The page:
Alain Mimoun, in Melbourne 1956

“I look at my career as a castle: my London silver medal is the foundation; my two Helsinki silver medals are the walls; my gold medal in Melbourne, the roof”

Alain Mimoun

The 1956 Olympics were the first to be organised in the southern hemisphere, and for this reason they took place in November/December, coinciding with the spring season.  Melbourne was selected in 1949 with one vote difference against the bid from Buenos Aires, while other candidate cities such as Mexico City, Los Angeles or Detroit had been discarded earlier.

In mid-1955 there were doubts about the construction progress, and Rome, already selected to host the 1960 Games and with preparations well ahead of schedule, was considered to host the 1956 Olympics instead. Nevertheless, Melbourne was able to get ready, and finish building works on time. Some countries boycotted the Olympics in response to the Suez Crisis (invasion of Egypt by Israel, France and UK) and the Soviet Union repression of the Hungarian Revolution.

Alain Mimoun was born in Telagh, Algeria, when it was a French colony. The oldest of seven brothers in a family of peasants, he was rejected a scholarship to continue studying and become a school teacher. He did some works before enlisting in the French army in 1939 aged 18, at the start of WWII. In 1940 he was mobilised to France and started training. There he managed to win his first race, a 1500m event, beating the defending champion.

During most of WWII he was unable to compete, as he fought in different scenarios, being even wounded in a leg, that a doctor suggested to amputate. He refused and recovered, and after the war, in 1945, he moved back to Algeria, where he started competing again. By 1946 he left the army and moved to Paris to pursue a running career while working as a waiter.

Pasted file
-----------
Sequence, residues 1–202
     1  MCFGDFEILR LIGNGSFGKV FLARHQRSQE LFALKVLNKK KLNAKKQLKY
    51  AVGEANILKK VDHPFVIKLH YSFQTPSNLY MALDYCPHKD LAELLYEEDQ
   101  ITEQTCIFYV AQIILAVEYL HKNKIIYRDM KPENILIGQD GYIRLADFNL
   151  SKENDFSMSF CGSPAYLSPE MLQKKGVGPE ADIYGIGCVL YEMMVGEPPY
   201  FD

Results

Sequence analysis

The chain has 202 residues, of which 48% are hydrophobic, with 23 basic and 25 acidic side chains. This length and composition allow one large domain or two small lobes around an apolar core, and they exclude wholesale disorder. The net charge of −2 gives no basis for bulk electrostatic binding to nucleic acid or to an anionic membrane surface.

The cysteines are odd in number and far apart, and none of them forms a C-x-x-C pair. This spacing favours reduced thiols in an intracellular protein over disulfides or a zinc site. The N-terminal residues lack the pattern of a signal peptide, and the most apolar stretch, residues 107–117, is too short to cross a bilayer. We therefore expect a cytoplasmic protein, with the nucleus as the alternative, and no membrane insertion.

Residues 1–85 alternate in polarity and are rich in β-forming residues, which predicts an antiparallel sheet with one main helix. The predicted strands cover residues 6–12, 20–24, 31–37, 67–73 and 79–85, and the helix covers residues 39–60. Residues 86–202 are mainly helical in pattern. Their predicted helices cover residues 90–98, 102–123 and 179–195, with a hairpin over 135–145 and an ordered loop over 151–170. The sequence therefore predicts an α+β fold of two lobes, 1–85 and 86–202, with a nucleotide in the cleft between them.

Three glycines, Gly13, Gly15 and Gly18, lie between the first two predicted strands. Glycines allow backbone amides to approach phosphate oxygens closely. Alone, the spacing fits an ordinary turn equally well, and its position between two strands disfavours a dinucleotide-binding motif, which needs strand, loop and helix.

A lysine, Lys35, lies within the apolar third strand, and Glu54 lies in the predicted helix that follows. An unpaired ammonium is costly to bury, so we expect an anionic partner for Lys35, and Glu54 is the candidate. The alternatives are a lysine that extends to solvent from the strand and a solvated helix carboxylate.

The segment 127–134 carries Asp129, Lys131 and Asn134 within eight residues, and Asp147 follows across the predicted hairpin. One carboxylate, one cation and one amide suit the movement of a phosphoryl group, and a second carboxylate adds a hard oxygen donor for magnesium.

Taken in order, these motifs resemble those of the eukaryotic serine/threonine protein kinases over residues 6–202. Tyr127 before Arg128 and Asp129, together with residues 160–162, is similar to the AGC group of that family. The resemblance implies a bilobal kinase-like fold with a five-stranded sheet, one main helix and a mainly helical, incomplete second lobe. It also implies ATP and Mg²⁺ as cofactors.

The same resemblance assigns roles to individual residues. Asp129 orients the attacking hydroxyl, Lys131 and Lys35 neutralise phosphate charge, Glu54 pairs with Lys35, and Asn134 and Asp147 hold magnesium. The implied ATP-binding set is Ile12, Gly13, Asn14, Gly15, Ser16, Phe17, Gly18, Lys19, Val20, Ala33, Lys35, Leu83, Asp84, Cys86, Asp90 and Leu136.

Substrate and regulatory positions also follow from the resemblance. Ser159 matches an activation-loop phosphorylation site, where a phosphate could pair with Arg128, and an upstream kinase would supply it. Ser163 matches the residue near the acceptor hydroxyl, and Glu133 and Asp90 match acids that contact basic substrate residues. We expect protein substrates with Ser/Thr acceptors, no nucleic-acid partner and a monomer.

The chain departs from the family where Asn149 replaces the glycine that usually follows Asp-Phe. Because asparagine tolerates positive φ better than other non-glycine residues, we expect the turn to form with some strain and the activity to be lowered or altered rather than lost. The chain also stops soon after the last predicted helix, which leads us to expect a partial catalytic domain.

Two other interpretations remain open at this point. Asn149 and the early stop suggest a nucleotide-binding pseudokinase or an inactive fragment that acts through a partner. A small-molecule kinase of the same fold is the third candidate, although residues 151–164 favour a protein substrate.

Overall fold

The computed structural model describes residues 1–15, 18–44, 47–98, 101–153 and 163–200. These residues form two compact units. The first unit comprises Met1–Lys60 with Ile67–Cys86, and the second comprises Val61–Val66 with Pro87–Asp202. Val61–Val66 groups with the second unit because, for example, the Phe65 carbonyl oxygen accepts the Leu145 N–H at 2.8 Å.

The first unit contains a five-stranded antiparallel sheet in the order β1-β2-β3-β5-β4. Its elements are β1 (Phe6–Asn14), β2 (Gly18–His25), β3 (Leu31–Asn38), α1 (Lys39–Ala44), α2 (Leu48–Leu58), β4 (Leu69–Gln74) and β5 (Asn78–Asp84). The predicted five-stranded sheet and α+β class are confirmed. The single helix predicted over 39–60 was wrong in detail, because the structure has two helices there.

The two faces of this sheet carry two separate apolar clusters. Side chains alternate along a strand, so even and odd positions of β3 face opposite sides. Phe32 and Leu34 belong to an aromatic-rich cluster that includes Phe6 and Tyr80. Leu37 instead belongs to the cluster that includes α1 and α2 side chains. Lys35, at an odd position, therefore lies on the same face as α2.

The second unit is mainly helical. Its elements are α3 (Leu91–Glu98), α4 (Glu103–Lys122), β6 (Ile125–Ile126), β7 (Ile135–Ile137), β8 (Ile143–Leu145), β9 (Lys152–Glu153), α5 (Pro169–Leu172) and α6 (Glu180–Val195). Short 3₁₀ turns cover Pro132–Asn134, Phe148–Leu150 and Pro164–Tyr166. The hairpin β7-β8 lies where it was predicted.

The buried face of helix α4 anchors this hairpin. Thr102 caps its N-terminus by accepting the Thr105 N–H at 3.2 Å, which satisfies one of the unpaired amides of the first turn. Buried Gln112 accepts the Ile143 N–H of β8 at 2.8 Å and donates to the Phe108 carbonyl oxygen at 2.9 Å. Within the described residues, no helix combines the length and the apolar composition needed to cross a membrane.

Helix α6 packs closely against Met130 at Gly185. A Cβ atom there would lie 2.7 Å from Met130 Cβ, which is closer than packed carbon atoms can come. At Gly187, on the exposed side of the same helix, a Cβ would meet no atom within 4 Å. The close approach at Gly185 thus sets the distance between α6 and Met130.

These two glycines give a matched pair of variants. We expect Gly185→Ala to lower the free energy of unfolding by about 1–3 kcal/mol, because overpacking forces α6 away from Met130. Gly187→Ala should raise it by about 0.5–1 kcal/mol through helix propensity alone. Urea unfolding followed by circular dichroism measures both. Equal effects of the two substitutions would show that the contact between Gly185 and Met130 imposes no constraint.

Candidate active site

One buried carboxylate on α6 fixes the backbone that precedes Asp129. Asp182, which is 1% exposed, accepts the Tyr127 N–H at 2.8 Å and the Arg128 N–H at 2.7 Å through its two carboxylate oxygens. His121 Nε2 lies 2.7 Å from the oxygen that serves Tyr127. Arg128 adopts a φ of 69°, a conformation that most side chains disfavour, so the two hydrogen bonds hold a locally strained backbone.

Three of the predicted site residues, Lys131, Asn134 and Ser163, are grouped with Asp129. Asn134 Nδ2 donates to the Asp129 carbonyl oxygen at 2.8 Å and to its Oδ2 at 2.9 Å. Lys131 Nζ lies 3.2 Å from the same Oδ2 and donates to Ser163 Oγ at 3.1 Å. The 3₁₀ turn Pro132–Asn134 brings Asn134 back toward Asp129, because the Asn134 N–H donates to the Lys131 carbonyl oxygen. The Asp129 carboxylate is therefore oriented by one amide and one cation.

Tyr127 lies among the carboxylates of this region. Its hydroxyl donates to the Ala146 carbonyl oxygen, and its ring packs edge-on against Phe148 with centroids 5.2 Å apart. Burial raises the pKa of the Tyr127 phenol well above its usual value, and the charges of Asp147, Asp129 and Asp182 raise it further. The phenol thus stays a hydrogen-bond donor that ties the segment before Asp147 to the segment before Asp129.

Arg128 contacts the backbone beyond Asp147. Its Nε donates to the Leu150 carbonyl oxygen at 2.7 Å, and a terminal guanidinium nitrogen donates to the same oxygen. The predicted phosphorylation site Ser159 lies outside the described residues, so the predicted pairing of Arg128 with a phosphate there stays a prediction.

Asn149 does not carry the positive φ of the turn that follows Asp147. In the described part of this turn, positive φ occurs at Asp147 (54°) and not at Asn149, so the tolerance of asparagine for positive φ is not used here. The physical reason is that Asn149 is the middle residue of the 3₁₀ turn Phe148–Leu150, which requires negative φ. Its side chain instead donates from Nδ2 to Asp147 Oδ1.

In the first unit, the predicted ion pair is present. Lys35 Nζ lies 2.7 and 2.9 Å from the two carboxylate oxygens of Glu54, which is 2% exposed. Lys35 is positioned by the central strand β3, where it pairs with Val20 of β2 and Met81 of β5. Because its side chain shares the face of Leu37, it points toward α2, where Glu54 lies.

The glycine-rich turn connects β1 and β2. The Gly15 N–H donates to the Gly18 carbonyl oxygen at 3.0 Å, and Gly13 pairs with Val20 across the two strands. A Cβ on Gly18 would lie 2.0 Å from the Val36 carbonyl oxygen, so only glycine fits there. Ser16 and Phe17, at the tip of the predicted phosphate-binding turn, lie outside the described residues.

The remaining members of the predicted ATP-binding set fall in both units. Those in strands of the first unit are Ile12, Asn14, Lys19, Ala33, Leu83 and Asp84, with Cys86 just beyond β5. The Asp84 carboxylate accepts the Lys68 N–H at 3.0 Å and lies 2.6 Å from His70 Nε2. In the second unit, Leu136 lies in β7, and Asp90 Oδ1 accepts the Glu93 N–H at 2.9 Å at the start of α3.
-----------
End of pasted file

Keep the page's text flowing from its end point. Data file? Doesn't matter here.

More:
In 1947 Mimoun won the French 5000 and 10000 metres titles, and got to the 1948 London Olympics, where he came across a certain Emil Zátopek in the 10000 metres, where he finished second, 300 metres behind him. In his second Olympic attempt, in Helsinki four years later, and again over those distances, Zátopek was once again unbeatable, with Mimoun taking only silver in both events. By then he was nicknamed “Zátopek´s Shadow”.

Without clear opposition in France during the following years, a different story was going to be told in the Olympics of 1956 in Melbourne. In the 10000 metres he only managed to finish 11th, and as an ultimate chance he decided to register for the marathon, a distance he had never tried before, and where his friend Zátopek was also competing.

On December 1st there were 46 athletes representing 23 countries for the marathon start, and the first outing of runners from Ethiopia and Kenya. It was mid-afternoon, with a hot temperature of 27°C, that would rise during the race to 38°C in the shadow! After a false start, unique in the history of the marathon, race started with 2 and a half laps of the track before heading out of the stadium.

By the 10k, a long uphill section, Finland´s experienced Paavo Kotila was in front, followed 2 seconds behind by Mimoun and two Soviet runners. In the 20k, in another uphill section and with temperature on the rise, there was a group of six runners in front, including Mimoun, with Zátopek, recovering from a hernia operation still in sight, in 10th.